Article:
Using source and process substitution: source <(sed -r -e 's/([^\x00]*)\x00/export \1\n/g' /proc/1/environ) Shortly: . <(sed -r -e 's/([^\x00]*)\x00/export \1\n/g' /proc/1/environ) Using eval and command substitution: eval `sed -r -e 's/([^\x00]*)\x00/export \1\n/g' /proc/1/environ` The sed call can be replaced with an awk call: awk ...


-2

eval \`(cat /proc/1/environ; echo) | tr '\000' '\n'\`


1

I'm surprised other answers have not mentioned TERMINFO (or TERMCAP) Use the man pages Luke man clear says ... NAME clear - clear the terminal screen SYNOPSIS clear DESCRIPTION clear clears your screen if this is possible. It looks in the environ- ment for the terminal type and then in the terminfo database to figure ...


7

How about (cd lib && echo *.jar), assuming that you don't have whitespace or special characters in the file names. Parent script never changes directory.


3

I am not entirely clear on how you get the output you show. I am assuming it is produced by the script you mentioned and that you can simply pipe it through something else to parse it. If so, these solutions should work: your_script | tail -n 2 | awk '/RMS/{print $4}' tail -n 2 prints the last two lines and the awk will print the 4th field of any line ...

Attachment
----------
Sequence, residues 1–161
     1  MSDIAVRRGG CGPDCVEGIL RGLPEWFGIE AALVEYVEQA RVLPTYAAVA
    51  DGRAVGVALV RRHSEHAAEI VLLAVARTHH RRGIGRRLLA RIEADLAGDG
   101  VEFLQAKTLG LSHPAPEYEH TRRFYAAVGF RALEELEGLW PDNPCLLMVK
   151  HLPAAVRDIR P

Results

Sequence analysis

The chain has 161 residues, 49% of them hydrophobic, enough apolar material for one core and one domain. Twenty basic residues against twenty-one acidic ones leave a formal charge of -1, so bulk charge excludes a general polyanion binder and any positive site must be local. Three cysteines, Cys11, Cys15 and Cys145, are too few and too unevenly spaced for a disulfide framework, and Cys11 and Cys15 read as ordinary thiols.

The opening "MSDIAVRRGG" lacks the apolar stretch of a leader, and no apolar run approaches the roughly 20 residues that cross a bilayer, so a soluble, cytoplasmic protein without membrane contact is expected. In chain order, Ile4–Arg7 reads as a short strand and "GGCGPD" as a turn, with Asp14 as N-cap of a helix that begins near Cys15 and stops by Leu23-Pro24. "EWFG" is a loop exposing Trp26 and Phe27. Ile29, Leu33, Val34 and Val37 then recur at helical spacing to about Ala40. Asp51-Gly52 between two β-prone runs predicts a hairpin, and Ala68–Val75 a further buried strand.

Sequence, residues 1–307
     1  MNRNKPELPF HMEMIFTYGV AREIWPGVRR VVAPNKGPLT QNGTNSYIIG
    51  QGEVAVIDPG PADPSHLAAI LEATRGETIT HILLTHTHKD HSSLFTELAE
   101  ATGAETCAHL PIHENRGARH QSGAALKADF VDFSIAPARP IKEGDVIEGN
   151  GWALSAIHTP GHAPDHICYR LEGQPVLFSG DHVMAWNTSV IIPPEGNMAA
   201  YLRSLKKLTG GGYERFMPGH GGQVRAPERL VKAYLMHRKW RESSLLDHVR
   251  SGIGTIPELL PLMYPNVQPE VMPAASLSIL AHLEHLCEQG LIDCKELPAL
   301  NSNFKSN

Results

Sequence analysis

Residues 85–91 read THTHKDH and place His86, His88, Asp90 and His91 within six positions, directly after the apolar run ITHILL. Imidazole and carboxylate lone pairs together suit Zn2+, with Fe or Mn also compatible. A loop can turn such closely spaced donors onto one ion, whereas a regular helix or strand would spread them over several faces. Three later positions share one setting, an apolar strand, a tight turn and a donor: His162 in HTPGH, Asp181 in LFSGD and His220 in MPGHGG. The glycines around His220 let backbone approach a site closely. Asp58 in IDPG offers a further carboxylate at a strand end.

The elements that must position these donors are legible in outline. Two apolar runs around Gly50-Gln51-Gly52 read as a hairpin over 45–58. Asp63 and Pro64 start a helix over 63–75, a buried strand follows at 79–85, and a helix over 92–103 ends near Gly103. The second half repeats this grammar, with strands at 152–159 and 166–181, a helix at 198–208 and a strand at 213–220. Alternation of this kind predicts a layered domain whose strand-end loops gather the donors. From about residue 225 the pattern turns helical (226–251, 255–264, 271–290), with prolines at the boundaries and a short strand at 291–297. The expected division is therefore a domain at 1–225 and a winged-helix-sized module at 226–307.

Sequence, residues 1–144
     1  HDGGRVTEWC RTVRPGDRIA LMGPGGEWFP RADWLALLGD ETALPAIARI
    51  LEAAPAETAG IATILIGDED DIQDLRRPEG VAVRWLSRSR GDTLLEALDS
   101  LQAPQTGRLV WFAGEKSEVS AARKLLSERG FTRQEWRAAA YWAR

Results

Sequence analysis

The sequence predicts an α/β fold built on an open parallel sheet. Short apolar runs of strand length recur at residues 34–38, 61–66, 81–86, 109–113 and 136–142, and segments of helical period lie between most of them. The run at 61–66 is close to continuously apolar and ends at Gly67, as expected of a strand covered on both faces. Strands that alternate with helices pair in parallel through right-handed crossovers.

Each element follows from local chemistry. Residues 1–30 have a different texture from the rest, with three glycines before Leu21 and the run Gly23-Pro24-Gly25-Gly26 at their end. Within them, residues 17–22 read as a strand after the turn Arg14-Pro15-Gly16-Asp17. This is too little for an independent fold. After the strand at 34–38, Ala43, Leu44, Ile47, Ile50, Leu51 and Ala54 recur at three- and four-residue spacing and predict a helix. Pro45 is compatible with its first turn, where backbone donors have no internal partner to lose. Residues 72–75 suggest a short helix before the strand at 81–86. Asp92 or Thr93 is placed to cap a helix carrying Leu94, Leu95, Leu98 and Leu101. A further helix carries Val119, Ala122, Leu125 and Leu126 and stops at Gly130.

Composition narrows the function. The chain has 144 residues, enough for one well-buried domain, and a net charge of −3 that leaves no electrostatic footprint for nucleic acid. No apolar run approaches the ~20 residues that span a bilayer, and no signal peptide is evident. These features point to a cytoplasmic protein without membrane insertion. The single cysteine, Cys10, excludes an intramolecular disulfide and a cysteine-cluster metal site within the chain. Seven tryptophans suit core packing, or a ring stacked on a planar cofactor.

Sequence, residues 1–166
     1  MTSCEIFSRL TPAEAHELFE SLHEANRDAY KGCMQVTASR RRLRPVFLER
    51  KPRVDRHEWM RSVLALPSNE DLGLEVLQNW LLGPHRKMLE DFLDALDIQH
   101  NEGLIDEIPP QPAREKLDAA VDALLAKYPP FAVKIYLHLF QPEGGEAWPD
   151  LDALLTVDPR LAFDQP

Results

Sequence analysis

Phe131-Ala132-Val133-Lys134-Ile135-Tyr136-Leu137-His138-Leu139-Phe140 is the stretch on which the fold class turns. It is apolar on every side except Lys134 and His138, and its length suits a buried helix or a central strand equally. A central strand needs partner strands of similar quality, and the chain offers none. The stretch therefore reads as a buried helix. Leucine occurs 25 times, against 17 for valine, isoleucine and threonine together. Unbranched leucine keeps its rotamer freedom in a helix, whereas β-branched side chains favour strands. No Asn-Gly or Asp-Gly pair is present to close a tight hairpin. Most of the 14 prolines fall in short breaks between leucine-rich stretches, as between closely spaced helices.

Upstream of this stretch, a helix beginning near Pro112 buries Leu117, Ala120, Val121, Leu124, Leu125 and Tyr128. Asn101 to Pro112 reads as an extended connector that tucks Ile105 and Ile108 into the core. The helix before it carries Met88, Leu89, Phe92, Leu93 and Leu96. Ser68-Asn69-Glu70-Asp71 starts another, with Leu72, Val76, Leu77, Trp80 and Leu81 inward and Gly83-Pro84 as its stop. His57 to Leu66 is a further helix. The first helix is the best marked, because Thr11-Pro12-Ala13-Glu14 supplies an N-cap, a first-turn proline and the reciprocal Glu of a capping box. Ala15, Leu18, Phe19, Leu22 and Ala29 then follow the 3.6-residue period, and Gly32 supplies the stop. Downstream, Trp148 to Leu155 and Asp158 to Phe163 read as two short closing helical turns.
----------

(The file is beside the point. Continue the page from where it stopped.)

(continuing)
2

you could use awk (revised based on comments): awk '{a2 = a1; a1 = $4;} END { print a2 }' then just pipe your outpot into awk and you'll get 7.457 According to PyMOL's website, it's highly configurable and scriptable. It would be better to post the script you are using to SO and get some Python feedback.


3

script | sed -n '${x;p};h' That should do it, I think. It will always print the second to last line. If you want only the number you: script | sed -n '${x;s/[^0-9]*\([^ ]*\).*/\1/p};h' So big H appends to sed's hold space the contents of the current pattern space, whereas little h overwrites it. So if you overwrite the hold space for every line, and on ...


-1

An alternative way solve your query is to list all the files using ls -R. Combine the output of ls command with grep to list only .jar files. You can use following command to do the same for your query: ls -R lib | grep jar| grep -v jar*


5

With GNU find there is no need to run basename for every single file, this will be much faster (especially if there is a lot of files): find lib -name '*.jar' -printf '%P\n'


0

find is probably the way to go, but if you really, really do (you don't) want to strip off lib/ from ls -1, you can use sed: $ ls -1 lib/*.jar | sed 's#^lib/##' mylib_1.jar mylib_2.jar


6

As Josh Jolly said in his answer, you should never parse ls, use the approach in his answer instead. Still, here's an awk solution to remove paths from file names, just don't use it with ls: find . | awk -F'/' '{print $NF}' The -F'/' sets the field separator to / which means that the last field, $NF, will be the file name.


14